The threat that climate change poses to human health is so great that it could undermine the last half-century of gains in development and global health, says an international commission of medical experts.
One author, fiercely critical of international efforts to confront the problem, says it is a medical emergency that demands an emergency response.
More hopefully, though, the group’s report says that international efforts to tackle climate change – “the defining challenge of our generation” – represent one of the greatest opportunities to improve health worldwide this century.
The report, published in The Lancet medical journal, is the work of the 2015 Lancet Commission on Health and Climate Change.
It says many responses to climate change have direct and indirect health benefits – from reducing air pollution to improving diet – and so efforts to reduce the threat offer an unparalleled chance for far-reaching gains in health.
But the commission is under no illusions about what is at stake. The authors say the potentially catastrophic risk to human health posed by climate change has been underestimated
They add – in a familiar refrain – that while the technologies and finance required to address the problem do exist, the global political will to implement them is lacking.
Professor Hugh Montgomery, one of the commission’s co-chairs and director of the University College London (UCL) Institute for Human Health and Performance, UK, says: “Climate change is a medical emergency. It thus demands an emergency response, using the technologies available right now.
“Under such circumstances, no doctor would consider a series of annual case discussions and aspirations adequate, yet this is exactly how the global response to climate change is proceeding.”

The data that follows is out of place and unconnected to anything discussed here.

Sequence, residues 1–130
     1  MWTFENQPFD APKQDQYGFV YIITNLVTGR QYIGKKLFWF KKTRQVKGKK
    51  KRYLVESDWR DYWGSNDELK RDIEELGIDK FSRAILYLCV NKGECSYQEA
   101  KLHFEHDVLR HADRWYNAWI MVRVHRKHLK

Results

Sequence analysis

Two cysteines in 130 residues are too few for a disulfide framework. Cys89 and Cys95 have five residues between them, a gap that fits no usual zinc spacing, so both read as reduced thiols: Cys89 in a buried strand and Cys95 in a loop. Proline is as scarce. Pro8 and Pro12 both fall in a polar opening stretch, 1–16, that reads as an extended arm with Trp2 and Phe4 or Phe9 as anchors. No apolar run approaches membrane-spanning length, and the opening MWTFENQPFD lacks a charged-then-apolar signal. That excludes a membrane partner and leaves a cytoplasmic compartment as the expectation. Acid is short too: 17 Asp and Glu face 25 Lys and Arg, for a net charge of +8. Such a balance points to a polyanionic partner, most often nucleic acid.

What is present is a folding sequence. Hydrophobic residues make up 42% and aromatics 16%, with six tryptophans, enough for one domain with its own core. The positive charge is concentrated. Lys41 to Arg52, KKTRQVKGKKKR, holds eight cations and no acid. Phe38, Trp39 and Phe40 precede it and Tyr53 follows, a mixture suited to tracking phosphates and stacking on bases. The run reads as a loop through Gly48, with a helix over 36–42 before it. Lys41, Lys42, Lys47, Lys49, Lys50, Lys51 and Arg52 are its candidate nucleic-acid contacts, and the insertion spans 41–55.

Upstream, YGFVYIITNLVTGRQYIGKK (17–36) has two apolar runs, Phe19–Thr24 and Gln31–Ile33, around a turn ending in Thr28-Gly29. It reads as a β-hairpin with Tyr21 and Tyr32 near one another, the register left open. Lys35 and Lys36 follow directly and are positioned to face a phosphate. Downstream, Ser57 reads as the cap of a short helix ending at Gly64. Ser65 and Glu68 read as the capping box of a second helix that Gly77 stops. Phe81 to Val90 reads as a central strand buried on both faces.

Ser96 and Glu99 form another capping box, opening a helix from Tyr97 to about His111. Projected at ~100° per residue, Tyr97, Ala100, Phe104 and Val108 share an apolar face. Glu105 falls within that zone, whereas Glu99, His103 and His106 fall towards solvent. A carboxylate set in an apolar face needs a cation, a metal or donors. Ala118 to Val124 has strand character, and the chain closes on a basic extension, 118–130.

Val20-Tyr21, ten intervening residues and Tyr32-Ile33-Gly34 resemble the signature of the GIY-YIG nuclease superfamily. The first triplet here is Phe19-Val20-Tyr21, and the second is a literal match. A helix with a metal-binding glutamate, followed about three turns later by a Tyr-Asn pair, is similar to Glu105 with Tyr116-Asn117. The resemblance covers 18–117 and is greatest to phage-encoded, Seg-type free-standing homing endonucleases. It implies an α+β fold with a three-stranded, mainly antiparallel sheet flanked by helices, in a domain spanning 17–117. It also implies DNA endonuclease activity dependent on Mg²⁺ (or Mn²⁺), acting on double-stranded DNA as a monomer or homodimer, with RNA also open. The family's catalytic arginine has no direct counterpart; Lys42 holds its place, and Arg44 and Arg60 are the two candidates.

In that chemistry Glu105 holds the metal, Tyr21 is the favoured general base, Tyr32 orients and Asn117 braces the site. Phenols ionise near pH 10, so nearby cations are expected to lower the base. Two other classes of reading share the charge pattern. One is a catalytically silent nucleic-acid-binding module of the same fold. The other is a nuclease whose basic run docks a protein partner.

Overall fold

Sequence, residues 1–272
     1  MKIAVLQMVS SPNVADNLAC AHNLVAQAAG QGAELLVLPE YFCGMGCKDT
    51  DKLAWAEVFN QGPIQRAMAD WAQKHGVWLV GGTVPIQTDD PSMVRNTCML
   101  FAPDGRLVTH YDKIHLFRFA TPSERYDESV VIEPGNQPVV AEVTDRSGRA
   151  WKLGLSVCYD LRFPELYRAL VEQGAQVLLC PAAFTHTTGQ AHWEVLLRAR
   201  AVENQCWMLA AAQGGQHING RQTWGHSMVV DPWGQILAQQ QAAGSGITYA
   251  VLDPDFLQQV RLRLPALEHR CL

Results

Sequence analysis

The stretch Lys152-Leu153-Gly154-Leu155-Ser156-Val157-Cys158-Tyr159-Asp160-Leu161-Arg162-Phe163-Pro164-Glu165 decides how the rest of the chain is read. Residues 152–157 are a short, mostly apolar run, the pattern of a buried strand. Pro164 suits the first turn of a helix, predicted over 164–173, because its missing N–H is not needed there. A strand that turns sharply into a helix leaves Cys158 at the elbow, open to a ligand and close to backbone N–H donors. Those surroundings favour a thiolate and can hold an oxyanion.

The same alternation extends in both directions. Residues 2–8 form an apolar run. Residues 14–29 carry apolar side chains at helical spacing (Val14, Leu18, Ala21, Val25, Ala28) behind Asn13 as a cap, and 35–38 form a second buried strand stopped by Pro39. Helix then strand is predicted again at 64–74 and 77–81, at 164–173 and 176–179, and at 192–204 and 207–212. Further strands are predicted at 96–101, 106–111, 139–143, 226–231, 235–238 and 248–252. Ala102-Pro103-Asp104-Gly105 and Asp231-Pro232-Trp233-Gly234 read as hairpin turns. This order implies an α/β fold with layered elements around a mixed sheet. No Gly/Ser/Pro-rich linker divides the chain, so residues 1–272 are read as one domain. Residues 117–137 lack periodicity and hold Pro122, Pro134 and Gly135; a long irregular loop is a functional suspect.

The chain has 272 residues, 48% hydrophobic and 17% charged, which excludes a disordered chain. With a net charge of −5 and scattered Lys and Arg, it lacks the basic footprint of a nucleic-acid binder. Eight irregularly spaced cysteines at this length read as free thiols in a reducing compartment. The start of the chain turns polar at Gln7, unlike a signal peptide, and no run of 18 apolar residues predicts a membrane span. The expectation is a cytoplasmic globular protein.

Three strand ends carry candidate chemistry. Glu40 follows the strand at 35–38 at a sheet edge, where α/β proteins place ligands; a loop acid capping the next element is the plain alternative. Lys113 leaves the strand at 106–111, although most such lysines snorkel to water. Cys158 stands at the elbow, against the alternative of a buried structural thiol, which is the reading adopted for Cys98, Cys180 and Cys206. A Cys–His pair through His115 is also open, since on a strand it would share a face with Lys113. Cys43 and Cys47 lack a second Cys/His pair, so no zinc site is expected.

Professor Anthony Costello, another of the commission’s co-chairs and director of the UCL Institute for Global Health, says: “Climate change has the potential to reverse the health gains from economic development that have been made in recent decades – not just through the direct effects on health from a changing and more unstable climate, but through indirect means such as increased migration and reduced social stability.”
The report says the direct health impacts of climate change come from the increasing frequency and intensity of extreme weather events, especially heatwaves, floods, droughts and storms. Indirect impacts result from changes in infectious disease patterns, air pollution, food insecurity and malnutrition, involuntary migration, displacement and conflicts.
It says there are many ways in which action on climate change brings immediate health gains. For example, burning fewer fossil fuels reduces respiratory diseases, and what doctors call “active transport” (walking and cycling) cuts pollution and traffic accidents, and reduces rates of obesity, diabetes, coronary heart disease and stroke. There are also health benefits from changes to diet, such as eating less red meat.
The commission is an extensive collaboration between experts from Europe and China. Its other co-chair, Professor Peng Gong, from Tsinghua University, Beijing, says: “The health community has responded to many grave threats to health in the past.
“It took on entrenched interests such as the tobacco industry, and led the fight against HIV/AIDS. Now is the time for us to lead the way in responding to another great threat to the human and environmental health of our generation.”
The report provides a set of recommendations for policy-makers, and the authors propose the formation of a new global independent body on climate change and health − to be called Countdown to 2030: Climate Change and Health Action − to monitor and report every two years on the health impacts of climate change.
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